Once you choose which form-factor is right for you, it’s time to hunt for features. I strongly suggest buying a backup camera with night vision and parking guide lines. You may also want to buy a wireless camera, which eliminates the need to run video cables across your vehicle.
Other features, like DVR recording or image quality, are up to you. But if you plan to buy a camera with a rearview mirror monitor, you may want to get a one with an integrated dashcam.
Can You Install a Backup Camera Yourself?
Installing a backup camera isn’t a difficult task, but it’s time-consuming and requires a bit of experience with cars. Even “wireless” backup cameras need power, and that means disconnecting your vehicle’s battery to splice wires.
Most people should opt for professional installation, which will cost at least $100. But if you’re comfortable working on a car, installing a backup camera isn’t a big deal.
Here’s the gist of the process:
- Disconnect your car’s battery
- Mount the backup camera (usually to your license plate)
- Hardwire the camera for power (usually to your brake light)
- Run video cables under your door seal to reach your head unit or display
If you buy an add-on display, you may need to hardwire it to your head unit or interior lighting system. That said, some add-on displays connect to your cigarette lighter for power, which may make installation a relatively quick job when combined with a wireless video system.
I should also note that some add-on backup cameras, like the ones that Kenwood makes for its head units, do not require a dedicated power source. Instead, they draw power from the video cable that plugs into the back of your receiver.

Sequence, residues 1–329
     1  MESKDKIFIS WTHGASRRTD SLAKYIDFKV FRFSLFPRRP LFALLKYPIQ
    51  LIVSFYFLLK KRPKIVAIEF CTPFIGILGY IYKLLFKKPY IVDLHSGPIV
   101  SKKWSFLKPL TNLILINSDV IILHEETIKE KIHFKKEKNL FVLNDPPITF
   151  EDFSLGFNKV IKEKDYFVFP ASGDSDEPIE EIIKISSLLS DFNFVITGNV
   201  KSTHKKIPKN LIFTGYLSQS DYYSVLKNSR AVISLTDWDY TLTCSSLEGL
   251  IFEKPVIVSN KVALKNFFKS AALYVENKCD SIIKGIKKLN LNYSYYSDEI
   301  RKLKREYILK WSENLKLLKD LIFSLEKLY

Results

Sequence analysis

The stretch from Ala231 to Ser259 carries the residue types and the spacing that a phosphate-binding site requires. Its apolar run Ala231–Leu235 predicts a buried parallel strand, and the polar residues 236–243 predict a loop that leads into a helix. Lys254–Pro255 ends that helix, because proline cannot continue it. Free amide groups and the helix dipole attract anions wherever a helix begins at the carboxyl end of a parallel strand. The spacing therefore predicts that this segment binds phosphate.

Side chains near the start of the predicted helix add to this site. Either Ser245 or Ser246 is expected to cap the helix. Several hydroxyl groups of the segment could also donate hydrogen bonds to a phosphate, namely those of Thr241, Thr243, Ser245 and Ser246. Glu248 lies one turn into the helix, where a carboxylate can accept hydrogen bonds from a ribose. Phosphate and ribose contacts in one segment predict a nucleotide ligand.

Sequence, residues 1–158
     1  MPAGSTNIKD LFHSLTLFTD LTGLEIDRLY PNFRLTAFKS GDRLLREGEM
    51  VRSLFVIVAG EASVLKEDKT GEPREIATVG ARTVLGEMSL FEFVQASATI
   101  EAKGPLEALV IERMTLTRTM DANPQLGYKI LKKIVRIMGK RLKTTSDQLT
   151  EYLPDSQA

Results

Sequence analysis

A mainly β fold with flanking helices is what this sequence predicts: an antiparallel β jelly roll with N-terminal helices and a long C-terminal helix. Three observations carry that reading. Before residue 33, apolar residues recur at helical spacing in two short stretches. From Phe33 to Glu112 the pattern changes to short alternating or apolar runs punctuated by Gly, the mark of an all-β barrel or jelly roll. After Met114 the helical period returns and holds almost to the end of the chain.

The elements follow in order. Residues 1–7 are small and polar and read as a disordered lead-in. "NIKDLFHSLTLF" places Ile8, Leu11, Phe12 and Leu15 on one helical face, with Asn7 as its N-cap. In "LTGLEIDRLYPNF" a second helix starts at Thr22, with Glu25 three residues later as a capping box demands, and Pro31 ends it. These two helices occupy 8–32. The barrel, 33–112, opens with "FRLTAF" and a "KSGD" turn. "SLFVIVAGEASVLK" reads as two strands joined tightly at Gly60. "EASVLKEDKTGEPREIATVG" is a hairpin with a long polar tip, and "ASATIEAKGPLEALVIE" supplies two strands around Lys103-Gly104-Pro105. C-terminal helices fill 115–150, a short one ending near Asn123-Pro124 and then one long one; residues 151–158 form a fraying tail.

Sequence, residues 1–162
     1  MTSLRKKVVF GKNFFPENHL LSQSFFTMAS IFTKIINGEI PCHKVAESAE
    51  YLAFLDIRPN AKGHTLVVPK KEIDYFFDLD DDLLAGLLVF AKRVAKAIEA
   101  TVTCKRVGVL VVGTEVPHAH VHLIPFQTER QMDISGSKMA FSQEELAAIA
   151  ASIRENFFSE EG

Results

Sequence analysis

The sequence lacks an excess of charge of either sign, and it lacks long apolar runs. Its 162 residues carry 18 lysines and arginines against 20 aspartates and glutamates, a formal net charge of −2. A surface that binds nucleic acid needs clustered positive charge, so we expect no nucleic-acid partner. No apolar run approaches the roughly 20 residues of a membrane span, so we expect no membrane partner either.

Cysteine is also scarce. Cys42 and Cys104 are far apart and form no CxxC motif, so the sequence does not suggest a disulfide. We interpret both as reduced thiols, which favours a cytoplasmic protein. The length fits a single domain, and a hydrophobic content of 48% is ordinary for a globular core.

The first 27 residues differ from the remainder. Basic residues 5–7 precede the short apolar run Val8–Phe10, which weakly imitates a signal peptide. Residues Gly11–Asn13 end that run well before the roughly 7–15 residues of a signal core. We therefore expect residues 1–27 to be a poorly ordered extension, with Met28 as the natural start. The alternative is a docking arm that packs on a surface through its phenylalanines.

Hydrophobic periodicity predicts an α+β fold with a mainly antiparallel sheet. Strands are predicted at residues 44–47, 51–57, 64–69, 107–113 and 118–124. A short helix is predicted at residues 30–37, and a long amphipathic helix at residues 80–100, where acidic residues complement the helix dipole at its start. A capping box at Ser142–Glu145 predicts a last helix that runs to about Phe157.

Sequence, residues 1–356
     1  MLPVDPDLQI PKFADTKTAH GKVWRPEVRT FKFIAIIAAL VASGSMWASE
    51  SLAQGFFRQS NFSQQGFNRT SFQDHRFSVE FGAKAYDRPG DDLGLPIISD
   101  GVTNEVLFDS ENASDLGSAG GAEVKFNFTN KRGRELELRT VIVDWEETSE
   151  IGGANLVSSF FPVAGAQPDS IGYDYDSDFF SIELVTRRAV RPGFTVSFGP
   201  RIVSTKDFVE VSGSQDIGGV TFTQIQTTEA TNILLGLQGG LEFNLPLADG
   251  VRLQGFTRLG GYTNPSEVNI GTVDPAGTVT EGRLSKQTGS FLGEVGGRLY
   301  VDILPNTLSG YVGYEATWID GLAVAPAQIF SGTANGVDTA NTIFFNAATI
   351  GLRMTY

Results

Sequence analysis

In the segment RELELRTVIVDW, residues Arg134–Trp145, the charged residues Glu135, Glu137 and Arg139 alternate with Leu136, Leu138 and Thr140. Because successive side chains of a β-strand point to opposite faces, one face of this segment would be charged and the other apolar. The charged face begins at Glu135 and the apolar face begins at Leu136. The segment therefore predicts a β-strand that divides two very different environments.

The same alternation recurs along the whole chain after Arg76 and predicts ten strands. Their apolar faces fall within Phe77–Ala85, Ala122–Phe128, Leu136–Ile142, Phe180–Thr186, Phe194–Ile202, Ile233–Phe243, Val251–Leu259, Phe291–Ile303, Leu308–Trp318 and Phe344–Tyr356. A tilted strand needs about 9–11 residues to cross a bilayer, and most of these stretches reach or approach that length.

Bear in mind that an electric shock from your car could kill you. If you don’t know how to safely work on a car, you should pay a professional (or a knowledgable friend, at least) to install your backup camera.
Are Backup Cameras Expensive?
On their own, backup cameras are shockingly cheap. Most models run between $30 and $70, with some going for even less. The problem, of course, is that your older car probably doesn’t have a head unit or “infotainment center” capable of displaying a backup camera’s feed.
As I mentioned earlier, you don’t need to upgrade your head unit to use a backup camera. But you will need to drop some extra cash on a backup camera kit, which will include a dashboard video screen or a rearview mirror with an integrated display.
These kits start around $120 and are relatively easy to install. That said, advanced features (like an integrated dashcam or DVR functionality) will quickly push the price up to $200 or $300. And if you need professional installation, which is probably the case, it’ll cost you an extra $100 or more.
If you choose to buy a new head unit with your backup camera, you can expect to pay at least $400 before installation. And that’s a very conservative estimate—you may need a manufacturer-specific camera for your new head unit, and of course, the price of a new head unit depends entirely on which features you want.